Letters to the UMB Community

National Native American Heritage Month

November 04, 2022

Dear UMB Community:
November is National Native American Heritage Month, a time to recognize and honor the cultures, heritages, and living practices of Native people who have stewarded these lands for generations.
The first American Indian Day was celebrated in May 1916. Red Fox James, a member of the Blackfeet Nation, rode across the nation on horseback seeking approval from 24 state governments to have a day to honor Native Americans. In 1990, President George H.W. Bush signed a joint congressional resolution designating November as National American Indian Heritage Month. Similar proclamations using variants of the name have been issued every year since 1994. In Maryland, the passage of House Bill 40 in 2014 officially designated November as American Indian Heritage Month in the state.
This month at the University of Maryland, Baltimore (UMB), we affirm our commitment and support for our Native colleagues and friends, celebrate their achievements, and continue to collaborate to foster a more inclusive, equitable, and diverse community.
Here in the Baltimore area, Ashley Minner, MA, MFA, PhD, (Lumbee) is a lecturer in the Department of American Studies at the University of Maryland, Baltimore County and a well-known voice for the Lumbee people here. She is a community-based visual artist and scholar working in collaboration with the Native American community of East Baltimore. Dr. Minner is working with the community to map East Baltimore's “reservation,” which she sees as a reclamation of history, space, and belonging.
John Herrington (Chickasaw) was the first enrolled member of a Native American tribe to go to space. On his 13-day voyage on the space shuttle in 2002, he proudly carried the Chickasaw Nation flag that was given to him by the Chickasaw Nation Governor, Bill Anoatubby, for Herrington’s trip to space. Herrington also carried eagle feathers, arrowheads, and traditional wooden flutes with him into space. Herrington is now a national motivational speaker, and his mission is to encourage young people to pursue excellence in education, especially in science, technology, engineering, and math.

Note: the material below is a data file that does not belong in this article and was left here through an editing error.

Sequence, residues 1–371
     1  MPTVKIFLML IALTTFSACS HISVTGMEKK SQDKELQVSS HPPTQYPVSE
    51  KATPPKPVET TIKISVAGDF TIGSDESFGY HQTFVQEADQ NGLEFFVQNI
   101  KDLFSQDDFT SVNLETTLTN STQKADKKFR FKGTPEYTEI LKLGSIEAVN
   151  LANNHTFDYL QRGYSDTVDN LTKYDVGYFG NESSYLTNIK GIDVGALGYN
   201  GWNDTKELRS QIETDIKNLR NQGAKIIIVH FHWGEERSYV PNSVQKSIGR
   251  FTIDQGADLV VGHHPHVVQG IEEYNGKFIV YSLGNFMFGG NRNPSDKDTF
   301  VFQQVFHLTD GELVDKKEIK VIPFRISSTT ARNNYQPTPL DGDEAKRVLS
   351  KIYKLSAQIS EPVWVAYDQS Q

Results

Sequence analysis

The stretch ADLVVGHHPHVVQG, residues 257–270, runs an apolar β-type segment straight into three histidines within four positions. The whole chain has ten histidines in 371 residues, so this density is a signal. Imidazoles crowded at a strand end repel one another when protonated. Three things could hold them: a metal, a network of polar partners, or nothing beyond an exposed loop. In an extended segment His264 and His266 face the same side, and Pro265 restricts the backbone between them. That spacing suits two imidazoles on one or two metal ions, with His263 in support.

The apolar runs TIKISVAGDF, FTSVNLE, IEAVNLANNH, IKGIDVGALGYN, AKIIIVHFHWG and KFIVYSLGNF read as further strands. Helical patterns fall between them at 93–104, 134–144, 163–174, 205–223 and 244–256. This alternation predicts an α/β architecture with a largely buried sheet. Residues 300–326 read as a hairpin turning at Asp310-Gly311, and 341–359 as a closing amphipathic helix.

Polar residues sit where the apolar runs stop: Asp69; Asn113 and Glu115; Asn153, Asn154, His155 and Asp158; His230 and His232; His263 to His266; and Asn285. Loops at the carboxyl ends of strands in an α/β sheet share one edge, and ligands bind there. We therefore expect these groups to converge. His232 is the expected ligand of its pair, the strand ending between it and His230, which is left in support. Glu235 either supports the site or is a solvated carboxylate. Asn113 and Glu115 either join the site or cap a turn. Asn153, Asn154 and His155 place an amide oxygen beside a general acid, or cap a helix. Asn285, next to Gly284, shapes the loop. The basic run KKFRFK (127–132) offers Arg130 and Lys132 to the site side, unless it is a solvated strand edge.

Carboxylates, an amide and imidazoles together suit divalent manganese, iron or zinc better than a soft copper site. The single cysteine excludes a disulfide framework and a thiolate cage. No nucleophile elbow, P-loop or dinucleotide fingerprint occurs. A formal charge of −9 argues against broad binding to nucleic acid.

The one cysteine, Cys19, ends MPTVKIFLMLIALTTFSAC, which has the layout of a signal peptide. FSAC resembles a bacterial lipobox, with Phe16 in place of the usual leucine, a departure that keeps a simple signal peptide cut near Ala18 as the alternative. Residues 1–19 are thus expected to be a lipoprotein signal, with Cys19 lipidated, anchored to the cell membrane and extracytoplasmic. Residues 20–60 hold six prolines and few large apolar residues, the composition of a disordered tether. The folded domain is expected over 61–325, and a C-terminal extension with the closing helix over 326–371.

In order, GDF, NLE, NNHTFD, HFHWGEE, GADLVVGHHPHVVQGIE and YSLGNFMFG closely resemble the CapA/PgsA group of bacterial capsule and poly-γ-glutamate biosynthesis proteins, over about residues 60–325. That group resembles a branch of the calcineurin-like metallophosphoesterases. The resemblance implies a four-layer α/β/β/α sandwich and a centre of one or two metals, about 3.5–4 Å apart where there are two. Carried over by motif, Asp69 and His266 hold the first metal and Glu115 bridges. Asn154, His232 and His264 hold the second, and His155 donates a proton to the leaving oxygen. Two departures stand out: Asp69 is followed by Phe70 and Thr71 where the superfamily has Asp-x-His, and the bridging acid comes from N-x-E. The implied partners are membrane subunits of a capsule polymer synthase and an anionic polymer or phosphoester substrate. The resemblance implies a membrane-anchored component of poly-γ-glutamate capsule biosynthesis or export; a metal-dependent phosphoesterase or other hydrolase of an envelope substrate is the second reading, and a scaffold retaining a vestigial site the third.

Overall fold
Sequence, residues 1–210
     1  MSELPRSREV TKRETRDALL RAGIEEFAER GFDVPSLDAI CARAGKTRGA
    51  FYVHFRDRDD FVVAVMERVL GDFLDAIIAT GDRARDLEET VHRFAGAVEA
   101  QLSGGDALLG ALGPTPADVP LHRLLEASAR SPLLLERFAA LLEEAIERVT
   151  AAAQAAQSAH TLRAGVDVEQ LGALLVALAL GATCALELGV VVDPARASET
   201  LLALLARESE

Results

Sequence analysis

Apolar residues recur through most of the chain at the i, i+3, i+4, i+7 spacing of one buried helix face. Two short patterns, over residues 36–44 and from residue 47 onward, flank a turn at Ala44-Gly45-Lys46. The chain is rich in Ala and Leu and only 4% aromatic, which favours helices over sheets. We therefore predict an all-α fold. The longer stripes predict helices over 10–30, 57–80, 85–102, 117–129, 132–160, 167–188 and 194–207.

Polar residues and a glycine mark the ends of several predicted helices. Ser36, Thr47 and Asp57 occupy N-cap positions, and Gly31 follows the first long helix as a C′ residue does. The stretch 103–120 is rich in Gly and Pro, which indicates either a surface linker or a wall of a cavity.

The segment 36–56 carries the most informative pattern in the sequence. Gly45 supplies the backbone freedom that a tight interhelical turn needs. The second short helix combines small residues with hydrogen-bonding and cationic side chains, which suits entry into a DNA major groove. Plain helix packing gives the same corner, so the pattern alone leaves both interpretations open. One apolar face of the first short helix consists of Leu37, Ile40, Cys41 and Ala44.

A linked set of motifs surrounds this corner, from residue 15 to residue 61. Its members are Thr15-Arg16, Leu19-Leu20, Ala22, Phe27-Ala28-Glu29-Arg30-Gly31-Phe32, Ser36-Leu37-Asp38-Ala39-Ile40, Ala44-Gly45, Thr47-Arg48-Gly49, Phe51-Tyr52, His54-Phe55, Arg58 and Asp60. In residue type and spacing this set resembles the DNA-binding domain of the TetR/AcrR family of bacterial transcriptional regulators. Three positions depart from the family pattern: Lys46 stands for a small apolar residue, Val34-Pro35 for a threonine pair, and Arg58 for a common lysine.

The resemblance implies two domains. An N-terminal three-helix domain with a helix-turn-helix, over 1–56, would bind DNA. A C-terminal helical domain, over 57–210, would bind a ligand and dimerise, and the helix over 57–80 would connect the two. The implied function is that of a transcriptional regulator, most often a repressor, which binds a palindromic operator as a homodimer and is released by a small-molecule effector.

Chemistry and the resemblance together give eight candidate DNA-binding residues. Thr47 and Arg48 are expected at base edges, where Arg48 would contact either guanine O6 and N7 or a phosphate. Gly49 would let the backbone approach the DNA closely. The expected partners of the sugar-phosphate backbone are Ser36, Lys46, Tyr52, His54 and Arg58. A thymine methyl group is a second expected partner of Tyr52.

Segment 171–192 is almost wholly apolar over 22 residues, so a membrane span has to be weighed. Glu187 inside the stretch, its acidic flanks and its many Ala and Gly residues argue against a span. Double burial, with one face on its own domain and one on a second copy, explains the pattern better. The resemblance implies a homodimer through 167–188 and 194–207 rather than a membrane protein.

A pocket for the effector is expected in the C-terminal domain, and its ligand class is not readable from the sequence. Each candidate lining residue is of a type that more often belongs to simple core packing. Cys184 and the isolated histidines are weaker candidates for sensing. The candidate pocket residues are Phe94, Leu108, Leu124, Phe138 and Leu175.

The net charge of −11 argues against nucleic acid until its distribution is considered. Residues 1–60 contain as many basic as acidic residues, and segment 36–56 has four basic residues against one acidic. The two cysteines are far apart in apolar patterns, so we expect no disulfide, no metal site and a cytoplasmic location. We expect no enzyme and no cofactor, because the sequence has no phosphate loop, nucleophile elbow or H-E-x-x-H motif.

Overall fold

Susie Walking Bear Yellowtail (Crow-Sioux) was the first Crow and one of the first Native American registered nurses in the United States. She was an advocate for quality, culturally sensitive health care. Yellowtail documented stories of medical abuse frequently experienced by Native Americans when visiting non-native doctors and hospitals. She sought to bring better care to her people and was vocal and effective in her advocacy. As a leader on her reservation and in the medical system, Yellowtail made long-lasting changes that can still be felt today.
We at UMB are proud of the accomplishments and contributions of members of the Native American community, and we embrace, honor, and acknowledge all of their achievements.
In partnership and collaboration,
Diane Forbes Berthoud, PhD
Vice President and Chief Equity, Diversity, and Inclusion Officer


Please join us at these UMB events this month:
A Guide to Indigenous Maryland
Nov. 8 | Noon – 1 p.m. | Zoom | Register Here
‘The Table’ Dialogue: What Does It Mean to Celebrate Thanksgiving?
Nov. 15 | Noon – 1 p.m. | Zoom | Register Here
Common Cultural Characteristics: A Visual Performance and Lecture on American Indian Traditions
Nov. 18 | Noon – 1 p.m. | SMC Campus Center, Elm Ballroom A & B | Register Here
Other events of interest in Maryland:
American Indian Heritage Day
Nov. 5 | 11 a.m. – 4 p.m. | Jefferson Patterson Park and Museum, St. Leonard, Md. | More Information
Baltimore American Indian Center’s 49th Annual BAIC Pow-Wow
Nov. 19 | 11 a.m. – 7 p.m. | Maryland State Fairgrounds, Timonium, Md. | More Information
Note: For more information on Maryland’s American Indian sites and experiences, click here.

Back to Letters to the UMB Community